❑ Consider collecting a terminal urine sample between noon and 3 pm

 
 
 
 
 
 
 
 
 
 
 
 
 
 
 
 
 
 
 
 
 
 
 
 
 
 
 
Other Investigations

Consider urinary tract ultrasound or computed tomography:
❑ If suspicious for renal stone
❑ If suspicious for masses
❑ If suspicious for nephritis
Consider flexible cystourethroscopy and tissue biopsy:
❑ If suspicious for neoplasm

 
 
 

Shown below is an algorithm summarizing the diagnosis of pyuria.[4]



 
 
 
Patient with Pyuria
 
 
 
 
 
 
 
 
 
 
 
 
 
 
 
 
 
 
 
 
 
 
 
 
 
 
 
 
 
 
 
Patient with pelvic pain, urinary
symptoms and urethral symptoms
 
Patient with fever, systemic
symptoms, urinary symptoms,
abdominal or pelvic pain
 
 
 
 
 
 
 
 
 
 
 
 
Evaluate for: STDs, Prostatitis, PID
 
Reassess for bacterial infection
by means of aerobic and
anaerobic culture
 
 
 
 
 
 
 
 
 
 
 
 
If not detected, consider:
Urinary stone,
Foreign body,
Interstitial cystitis,
Bladder tumor,
Schistosomiasis
 
No bacteria detected
 
 
 
 
 
 
 
 
 
 
 
 
 
 
 
Evaluate for: Tuberculosis
If patient is a immigrant
from tuberculosis endemic country
Fungal infection
If patient is immunocompromised,
check for candida, aspergillus or
cryptococcus infection
 
 
 
 
 
 
 
 
 
 
 
 
 
 
 
If no infection detected, consult
with infectious disease
specialist or nephrologist

Treatment

Shown below are the algorithms summarizing the treatment of pyuria.[5] It typically depends on the specific cause of pyuria.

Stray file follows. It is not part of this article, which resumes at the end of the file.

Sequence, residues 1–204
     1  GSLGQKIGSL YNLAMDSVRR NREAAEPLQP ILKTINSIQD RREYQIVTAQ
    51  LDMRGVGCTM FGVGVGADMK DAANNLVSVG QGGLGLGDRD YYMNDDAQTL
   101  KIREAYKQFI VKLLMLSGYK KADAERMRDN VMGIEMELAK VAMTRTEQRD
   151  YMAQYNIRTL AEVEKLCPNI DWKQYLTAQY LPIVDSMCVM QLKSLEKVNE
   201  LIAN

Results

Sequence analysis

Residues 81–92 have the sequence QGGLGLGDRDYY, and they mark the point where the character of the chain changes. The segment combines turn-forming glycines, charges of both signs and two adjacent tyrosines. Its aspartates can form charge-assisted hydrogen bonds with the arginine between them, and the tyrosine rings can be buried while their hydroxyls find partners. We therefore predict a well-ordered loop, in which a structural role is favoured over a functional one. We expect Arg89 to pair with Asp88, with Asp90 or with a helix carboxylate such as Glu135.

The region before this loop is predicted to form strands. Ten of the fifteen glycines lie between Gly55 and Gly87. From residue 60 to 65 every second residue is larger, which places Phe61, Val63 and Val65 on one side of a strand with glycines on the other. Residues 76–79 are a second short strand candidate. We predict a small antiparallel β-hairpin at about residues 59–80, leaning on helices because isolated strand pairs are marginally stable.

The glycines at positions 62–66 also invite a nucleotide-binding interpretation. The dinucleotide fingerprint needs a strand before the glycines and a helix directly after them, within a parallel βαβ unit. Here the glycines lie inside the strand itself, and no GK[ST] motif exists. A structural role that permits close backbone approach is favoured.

Gonorrhea
and
Chlamydia
 
 
 
 
 
 
 
 
 
 
 
 
 
 
 
 
 
 
 
 
 
 
 
NAAT
with first-catch
urine sample
 
 
 
 
 
 
 
 
 
 
 
 
 
 
 
 
 
 
 
 
 
 
 
 
 
 
 
 
 
 
 
 
 
 
 
 
 
 
Positive
 
 
 
 
 
 
 
Negative
 
 
 
 
 
 
 
 
 
 
 
 
 
 
 
 
 
 
 
 
 
 
 
 
 
 
Gonorrhea
 
Chlamydia
 
 
 
 
 
Evaluate for
other causes
 
 
 
 
 
 
 
 
 
 
 
 
 
 
 
 
 
 
 
Ceftriaxone 250mg
Intramuscularly
and either
Azithromycin 1g
Orally
Doxycycline 100mg
Orally
twice a day
for 7 days
 
Azithromycin 1g
Orally
Doxycycline 100mg
Orally
twice a day
for 7 days
Alternatively
Erythromycin 500mg
Four times a day
for 7 days
 
 
 
 
 
 
 
 
 
 
 
 
 
 
 
 
 
 
 
 
 
 
 
 
 
 
 
 
 
 
 
 
 
 
 
 
 
 
 
 
 
 
 

Abbreviations: NAAT: Nucleic Acid Amplification Test

 
 
 
Fungal Infections
 
 
 
 
 
 
 
 
 
 
 
 
 
 
 
 
 
 
 
 
 
 
 
Antifungal drugs:
Fluconazole,
Posaconazole,
Echinocandins and
Amphotericin B
 
 
 
Candida albicans:
Fluconazole 100 mg PO
qd for 2-5 days
 
 
 
 
 
 
 
 
 
 
 
 
 
 
 
 
If the patient has
coexisting diabetes mellitus or
immunosuppression
 
 
 
Non-albicans Candida:
Amphotericin B
0.1 mg/kg/day IV
for 2-5 days
 
 
 
 
 
 
 
 
 
 
 
 
 
 
 
More than one
Antifungal drugs
+
Antibiotics
 
 
 
 
 
 
 
 



 
 
 
Renal Tuberculosis